I know there are many United and Liverpool fans in Ireland, but surely that can't be the sole factor why there was a depressingly poor crowd at Richmond Park that night. As it happened, the United Liverpool game was a complete bore-fest while the clash at Richmond Park decided the fate of the title.
The 2016 season was a quite traumatic year for many clubs. However, in the case of Athlone Town and Waterford United it was a year that both First Division sides will hope to put behind them.
Athlone Town are the oldest League of Ireland club. Formed in 1887, they were elected to the league in 1922. In all of it's history this year has to be seen as one of the most difficult seasons the club has faced. A sad situation for the league as a whole occured when Athlone's players refused to travel to an away game with Waterford due to issues around exenses owed.
Fans were quite clearly enraged with the board and this led to a very messy situation where the fans wouldn't enter the ground and held protests on a regular basis outside the grounds. The lowest crowds in the league highlight how bad the situation is at the midland club.
Waterford United found themselves in an equally dire predicament this season. In April, the club released a statement which said that to stay afloat they needed to raise a huge total of €80,000 by the end of the season to survive.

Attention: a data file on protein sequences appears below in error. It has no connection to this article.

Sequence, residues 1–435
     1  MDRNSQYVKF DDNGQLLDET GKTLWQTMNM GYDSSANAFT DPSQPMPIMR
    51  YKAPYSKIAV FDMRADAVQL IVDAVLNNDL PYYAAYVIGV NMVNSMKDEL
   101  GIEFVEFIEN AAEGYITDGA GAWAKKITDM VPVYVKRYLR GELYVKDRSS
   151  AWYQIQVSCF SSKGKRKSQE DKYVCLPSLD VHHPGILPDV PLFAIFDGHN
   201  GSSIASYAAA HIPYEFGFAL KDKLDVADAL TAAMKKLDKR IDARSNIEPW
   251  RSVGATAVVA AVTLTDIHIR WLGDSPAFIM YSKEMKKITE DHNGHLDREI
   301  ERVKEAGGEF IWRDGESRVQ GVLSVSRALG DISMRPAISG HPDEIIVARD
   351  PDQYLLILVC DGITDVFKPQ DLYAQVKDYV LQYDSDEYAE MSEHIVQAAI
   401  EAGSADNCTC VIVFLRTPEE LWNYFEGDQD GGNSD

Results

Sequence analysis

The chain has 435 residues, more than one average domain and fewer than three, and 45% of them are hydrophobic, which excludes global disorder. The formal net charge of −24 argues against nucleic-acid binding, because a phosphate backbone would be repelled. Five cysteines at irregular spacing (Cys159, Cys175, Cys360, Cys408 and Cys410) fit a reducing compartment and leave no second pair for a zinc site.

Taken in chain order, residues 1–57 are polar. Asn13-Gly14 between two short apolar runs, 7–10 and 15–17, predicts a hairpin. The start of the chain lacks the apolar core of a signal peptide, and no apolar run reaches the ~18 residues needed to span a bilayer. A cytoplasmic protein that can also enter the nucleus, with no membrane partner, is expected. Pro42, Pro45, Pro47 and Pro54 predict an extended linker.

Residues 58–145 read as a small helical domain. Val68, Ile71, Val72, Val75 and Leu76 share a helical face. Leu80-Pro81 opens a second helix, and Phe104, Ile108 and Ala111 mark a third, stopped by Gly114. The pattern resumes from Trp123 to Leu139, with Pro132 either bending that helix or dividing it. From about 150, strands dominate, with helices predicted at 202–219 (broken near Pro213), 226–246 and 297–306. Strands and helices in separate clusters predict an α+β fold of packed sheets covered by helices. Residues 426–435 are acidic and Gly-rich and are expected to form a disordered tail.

This was a very troublesome time for the league as we were in serious danger of losing another club due to financial strains, most recently Monaghan United were the victims of this, like Sporting Fingal, Dublin City and Kildare County before them.
At the time it was a startling revelation for all involved in the league as it almost came out of the blue. A great effort was made to ensure Waterford’s survival but the question must be raised if this can last for much longer.
A tough season on and off the field for all involved at United was given a brief glimpse of hope for next season following an impressive away victory for Waterford to Shelbourne.
Before they can push forward they must solve the long-term future of the club. The 2016 season was quite clearly a very bleak and ugly period in the club’s history due to the usual problems of money which has stunted the growth of the league.
Roaring success, underachievement on the pitch and very ugly financial issues have all culminated to shape the 2016 season. Apart from the few leading examples this season has been one that will ultimately look back on as a year overshadowed by Dundalk and Limericks successes. The 2017 season can't come soon enough already.